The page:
Wednesday, August 13, 2014
Islamic State militants who last week captured the Mosul Dam, Iraq’s largest, had one demand for workers: Keep it going.
Arriving in their Toyota pickup trucks, armed with Kalashnikov assault rifles and wearing a patchwork of military uniforms, robes and turbans, jubilant militants from the al-Qaeda breakaway group told workers hiding in management offices they would get their salaries as long as the dam continued to produce electricity for the region under their control, according to a technician who was at the dam when nearly 500 militants drove off Kurdish troops.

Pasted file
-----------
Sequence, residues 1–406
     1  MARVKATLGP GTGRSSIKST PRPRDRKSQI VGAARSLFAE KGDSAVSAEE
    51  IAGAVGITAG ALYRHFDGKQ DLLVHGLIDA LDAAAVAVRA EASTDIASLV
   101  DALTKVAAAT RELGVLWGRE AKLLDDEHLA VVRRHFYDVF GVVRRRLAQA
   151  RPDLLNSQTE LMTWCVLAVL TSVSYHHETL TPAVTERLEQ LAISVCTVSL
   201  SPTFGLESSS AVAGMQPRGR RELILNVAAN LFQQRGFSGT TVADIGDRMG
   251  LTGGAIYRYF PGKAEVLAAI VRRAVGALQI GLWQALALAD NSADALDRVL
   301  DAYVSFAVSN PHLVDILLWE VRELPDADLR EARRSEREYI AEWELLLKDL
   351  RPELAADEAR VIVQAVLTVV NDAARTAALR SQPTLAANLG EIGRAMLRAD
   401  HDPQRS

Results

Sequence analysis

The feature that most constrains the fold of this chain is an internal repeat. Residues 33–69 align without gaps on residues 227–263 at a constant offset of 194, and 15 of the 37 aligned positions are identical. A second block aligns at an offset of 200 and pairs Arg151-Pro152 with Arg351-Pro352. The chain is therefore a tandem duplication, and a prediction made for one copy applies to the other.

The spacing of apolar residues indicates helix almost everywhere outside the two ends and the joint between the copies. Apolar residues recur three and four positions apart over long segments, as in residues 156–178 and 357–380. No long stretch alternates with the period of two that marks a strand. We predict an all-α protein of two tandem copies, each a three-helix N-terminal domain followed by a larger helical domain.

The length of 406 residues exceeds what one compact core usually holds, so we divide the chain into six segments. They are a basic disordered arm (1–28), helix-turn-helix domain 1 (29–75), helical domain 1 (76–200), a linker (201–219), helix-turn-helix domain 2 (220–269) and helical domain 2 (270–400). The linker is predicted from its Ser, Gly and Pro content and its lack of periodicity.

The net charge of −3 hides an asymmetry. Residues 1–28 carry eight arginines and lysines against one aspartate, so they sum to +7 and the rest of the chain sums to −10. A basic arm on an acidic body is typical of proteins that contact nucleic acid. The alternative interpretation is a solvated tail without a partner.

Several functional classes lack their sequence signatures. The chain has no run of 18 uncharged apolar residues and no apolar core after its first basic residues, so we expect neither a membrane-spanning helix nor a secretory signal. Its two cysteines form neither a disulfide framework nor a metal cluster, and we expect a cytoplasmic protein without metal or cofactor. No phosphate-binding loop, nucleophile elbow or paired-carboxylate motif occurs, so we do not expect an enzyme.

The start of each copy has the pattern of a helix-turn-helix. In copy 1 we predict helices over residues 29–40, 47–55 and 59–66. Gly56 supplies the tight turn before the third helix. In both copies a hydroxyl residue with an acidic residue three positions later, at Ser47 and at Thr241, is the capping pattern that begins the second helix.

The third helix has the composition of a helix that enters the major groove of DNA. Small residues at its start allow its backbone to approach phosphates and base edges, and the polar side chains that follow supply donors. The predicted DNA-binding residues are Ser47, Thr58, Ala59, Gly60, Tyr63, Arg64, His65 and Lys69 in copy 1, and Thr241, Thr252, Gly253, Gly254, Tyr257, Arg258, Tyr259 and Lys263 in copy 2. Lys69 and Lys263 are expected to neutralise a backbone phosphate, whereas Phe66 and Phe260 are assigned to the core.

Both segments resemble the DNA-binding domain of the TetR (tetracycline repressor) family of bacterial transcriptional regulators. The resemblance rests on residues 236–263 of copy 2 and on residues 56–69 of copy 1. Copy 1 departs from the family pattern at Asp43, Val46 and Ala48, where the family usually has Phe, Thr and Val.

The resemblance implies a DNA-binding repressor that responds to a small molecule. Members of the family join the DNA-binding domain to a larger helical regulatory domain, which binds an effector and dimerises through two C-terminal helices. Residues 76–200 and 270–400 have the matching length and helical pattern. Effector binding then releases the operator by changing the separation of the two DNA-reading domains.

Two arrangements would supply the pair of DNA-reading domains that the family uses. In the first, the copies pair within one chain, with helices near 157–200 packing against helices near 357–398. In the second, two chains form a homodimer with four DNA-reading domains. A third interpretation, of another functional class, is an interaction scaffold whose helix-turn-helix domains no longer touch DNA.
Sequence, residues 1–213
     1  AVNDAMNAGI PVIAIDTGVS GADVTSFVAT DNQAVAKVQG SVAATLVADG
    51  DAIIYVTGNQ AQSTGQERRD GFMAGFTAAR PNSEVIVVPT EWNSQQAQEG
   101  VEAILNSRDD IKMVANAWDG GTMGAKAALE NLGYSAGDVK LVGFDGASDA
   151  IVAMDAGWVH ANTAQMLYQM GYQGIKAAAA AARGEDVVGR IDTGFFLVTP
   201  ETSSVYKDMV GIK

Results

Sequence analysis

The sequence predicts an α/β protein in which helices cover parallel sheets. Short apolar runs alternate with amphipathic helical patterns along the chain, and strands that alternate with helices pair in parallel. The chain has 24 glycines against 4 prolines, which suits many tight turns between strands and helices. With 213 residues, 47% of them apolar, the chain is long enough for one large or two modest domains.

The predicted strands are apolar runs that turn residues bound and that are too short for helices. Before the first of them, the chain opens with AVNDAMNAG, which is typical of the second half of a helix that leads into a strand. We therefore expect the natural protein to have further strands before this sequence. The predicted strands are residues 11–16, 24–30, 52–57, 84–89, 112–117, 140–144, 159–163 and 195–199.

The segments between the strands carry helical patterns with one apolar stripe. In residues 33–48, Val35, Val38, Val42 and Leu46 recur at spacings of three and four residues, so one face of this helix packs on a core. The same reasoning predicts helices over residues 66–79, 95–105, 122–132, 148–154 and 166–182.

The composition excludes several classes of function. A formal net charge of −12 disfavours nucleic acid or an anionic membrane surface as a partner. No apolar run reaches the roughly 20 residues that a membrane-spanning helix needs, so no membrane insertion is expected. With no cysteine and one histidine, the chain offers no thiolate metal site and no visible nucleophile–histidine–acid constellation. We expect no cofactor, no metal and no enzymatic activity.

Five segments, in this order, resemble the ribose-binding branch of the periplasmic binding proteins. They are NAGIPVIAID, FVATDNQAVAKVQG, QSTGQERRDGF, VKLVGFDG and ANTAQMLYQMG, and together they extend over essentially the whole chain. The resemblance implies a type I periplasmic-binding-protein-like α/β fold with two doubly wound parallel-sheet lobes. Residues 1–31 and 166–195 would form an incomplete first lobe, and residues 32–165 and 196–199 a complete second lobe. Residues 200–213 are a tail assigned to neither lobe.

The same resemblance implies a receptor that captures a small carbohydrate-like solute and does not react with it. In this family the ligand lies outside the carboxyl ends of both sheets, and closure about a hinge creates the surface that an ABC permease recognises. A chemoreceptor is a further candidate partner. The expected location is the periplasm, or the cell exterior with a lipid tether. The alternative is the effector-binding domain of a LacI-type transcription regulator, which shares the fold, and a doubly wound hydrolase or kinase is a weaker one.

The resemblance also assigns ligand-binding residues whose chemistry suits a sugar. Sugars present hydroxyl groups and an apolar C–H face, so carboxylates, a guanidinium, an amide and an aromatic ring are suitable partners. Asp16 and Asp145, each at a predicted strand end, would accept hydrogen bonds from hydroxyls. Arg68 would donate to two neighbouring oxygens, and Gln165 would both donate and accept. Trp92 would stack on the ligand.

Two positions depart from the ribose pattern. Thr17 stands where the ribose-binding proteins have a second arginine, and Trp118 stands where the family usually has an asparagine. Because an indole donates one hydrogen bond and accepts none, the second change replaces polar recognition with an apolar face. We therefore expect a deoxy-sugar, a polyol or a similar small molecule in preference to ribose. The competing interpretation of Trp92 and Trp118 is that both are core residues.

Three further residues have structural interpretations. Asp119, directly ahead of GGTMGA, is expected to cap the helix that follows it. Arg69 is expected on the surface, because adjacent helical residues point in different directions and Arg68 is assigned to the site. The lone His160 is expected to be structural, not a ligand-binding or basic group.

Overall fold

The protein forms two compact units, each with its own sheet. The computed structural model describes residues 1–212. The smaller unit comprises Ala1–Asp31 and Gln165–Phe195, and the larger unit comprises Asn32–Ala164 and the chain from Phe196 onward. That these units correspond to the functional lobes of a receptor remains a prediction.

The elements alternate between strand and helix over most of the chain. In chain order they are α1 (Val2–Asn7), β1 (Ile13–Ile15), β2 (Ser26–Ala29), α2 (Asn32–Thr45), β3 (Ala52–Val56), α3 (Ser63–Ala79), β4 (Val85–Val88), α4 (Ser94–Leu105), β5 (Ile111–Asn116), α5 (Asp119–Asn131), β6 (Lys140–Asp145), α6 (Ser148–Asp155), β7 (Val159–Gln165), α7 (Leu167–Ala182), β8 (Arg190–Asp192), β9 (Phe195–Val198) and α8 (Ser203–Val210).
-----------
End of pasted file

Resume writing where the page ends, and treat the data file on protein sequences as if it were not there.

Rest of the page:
Islamic State’s rampage through northern Iraq has inspired terror as stories spread of beheadings and crucifixions. At the same time, its fighters are capturing the strategic assets needed to fund the Islamic caliphate it announced in June and strengthen its grip on the territory already captured.
“These extremists are not just mad,” said Salman Shaikh, director of the Brookings Institution’s Doha Center in Qatar. “There’s a method to their madness, because they’ve managed to amass cash and natural resources, both oil and water, the two most important things. And of course they are going to use those as a way of continuing to grow and strengthen.”
The Mosul dam, 50km north of Mosul, Iraq.
Iraq’s Brittle Nationhood
The dam is the most important asset the group captured since taking Nineveh province in June. The group controls several oil and gas fields in western Iraq and eastern Syria, generating millions of dollars in daily revenue.
Credit to Bloomberg